Sally van Dijk,8 year old boy Murdered on May 25-1943,Sobibor.

Sally was born on August 19, 1934 in Geffen, the Netherlands. I wish I could say more about Sally, but there is very little known about him. The fact that he was murdered on May 28,1943 in Sobibor is sad, What makes it even sadder, his father, mother and older sister were murdered the same day, in the same place.

In fact in total 2849 Dutch Jews were murdered that day in Sobibor. They had all been transported from Westerbork.

Sally’s short life already had been interrupted. From September 1, 1941, Jewish children had to go to separate schools and were no longer allowed to go to public schools.

The Mandatory Star of David was introduced from May 3, 1942 and obliged all Jews older than six years to wear the Star of David. It had to be worn visibly at chest height. The star was distributed by the Jewish Council and cost 4 cents each.

I don’t know when Sally and his family were forced to go there, but until 25 May 1943 Sally van Dijk was imprisoned in Camp Westerbork.

Only 3 days later, Sally and 2848 others were murdered in Sobibor.

sources

https://www.joodsmonument.nl/nl/page/33516/sally-van-dijk

https://www.oorlogsbronnen.nl/tijdlijn/Sally-van-Dijk/01/436

Transport to Cosel: Limburg Jews on their way to death.

Before I go into the story of the men, who were put on slave labour by the Nazi regime, I will have to explain what ‘Limburg’ is .Limburg is a province in the southeast of the Netherlands and the northeast of Belgium.

I was born and grew up in the Dutch side of Limburg. The most populated part is the south of the Dutch Limburg, it is also the part that looks completely different then the rest of the Netherlands. There are actually hills there. Although I am a native of the province, I was not aware of the fate of these men.

Not all deportation trains with Dutch Jews went directly to the extermination camps and gas chambers. Between August 28 and December 10, 1942, some of the trains to Auschwitz-Birkenau made a stopover in Silesian Cosel (present-day Poland). Here almost all men between the ages of 15 and 55 had to get off the train at the freight station. Where they were put to work.

On 24 August 1942, six hundred Limburg Jews were issued a call-up card by the Dutch police, the municipal police or a constable. They were all under the age of sixty and had to report to the assembly point at the public school on Professor Pieter Willemsstraat in Maastricht the next day.

Only half of them showed up. The group was taken to Camp Westerbork and was largely deported on August 28, 1942. They were part of the first Cosel transport. Another 17 Cosel transports from the Netherlands would follow. Also 21 transports from France and Belgium stopped in Cosel.

The train stopped on August 29 in Cosel, about a thousand kilometers from Westerbork .About 170 men, 75 of whom are Limburgers, were pushed out of the train while being yelled and cursed at . A selection followed, and those who were not been deemed fit for work had to get back on the train. The train continued the journey to Auschwitz ,when it arrived on August 30,1942, the majority were murdered in the gas chambers.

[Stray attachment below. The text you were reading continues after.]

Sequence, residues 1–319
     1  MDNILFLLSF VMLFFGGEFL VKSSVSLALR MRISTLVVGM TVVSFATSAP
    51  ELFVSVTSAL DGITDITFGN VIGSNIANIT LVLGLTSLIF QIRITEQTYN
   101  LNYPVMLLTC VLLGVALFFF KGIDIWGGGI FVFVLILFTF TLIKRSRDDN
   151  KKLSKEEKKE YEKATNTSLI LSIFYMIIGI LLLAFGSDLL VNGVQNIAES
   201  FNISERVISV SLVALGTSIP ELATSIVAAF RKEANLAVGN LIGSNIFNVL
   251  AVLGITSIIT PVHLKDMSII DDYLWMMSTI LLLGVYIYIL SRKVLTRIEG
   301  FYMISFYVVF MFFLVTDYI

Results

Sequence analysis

The Limburg men who left Westerbork on August 28 were put on trucks in Cosel and ended up in Camp Sakrau, from where they went to various other camps in the region. Conditions in these camps were very different. The work was very hard, some of the Jewish men died from hunger, exhaustion, illness or accidents.

Abraham Spiero, a survivor who survived a later transport said about the ordeal:

“The train stopped in Cosel. That was a terrible thing there. Humanity stopped here. We, the men up to 50 years old, all had to sit down squatting. When the train had driven away, we were loaded onto trucks like animals.”

The men of the other 17 Cosel transports also ended up in a network of 177 camps near factories and construction sites. Some 1,500 forced laborers make fighter planes and war machinery, they worked in Krupp’s metalworks or IG Farben’s chemical plants.

Others were forced to work in the construction of railways and highways. Which was a big money earner for the German state and the companies.

The men who were no longer able to work were sent to Auschwitz-Birkenau, where they were gassed.

At the end of April 1943, most of the survivors were sent to Camp Blechhammer. Also father Pinehas Gans and son Philip Gans. They both came from the transport of November 2, 1942. Pinehas and Philip survived for a long time, and end up together in Camp Blechhammer. But when the camp is evacuated on January 21,1945 ,the prisoners are marched to Camp Gross-Rosen by foot. During the march or shortly after arrival at Gross Rosen both Gans men are murdered, on February 5,1945.

The Gans family in 1934 .Right in the picture is Pinehas(Piet)Gans, behind him is his wife and sitting next to him is his son Philip

In January 1945, of the ten thousand French, Belgian and Dutch forced laborers selected in Cosel, about two thousand were still alive. Most are in Camp Blechhammer. Eventually, only 873 men survive, less than ten percent of the men who got off at Cosel. The survival rate of the Dutch is even less, of the 3400 Dutch on the Cosel transports, 193 men survived. This also applied to the Limburg men who started their journey in Maastricht on 25 August 1942. Eleven of the 170 men of this first transport survived the forced labour.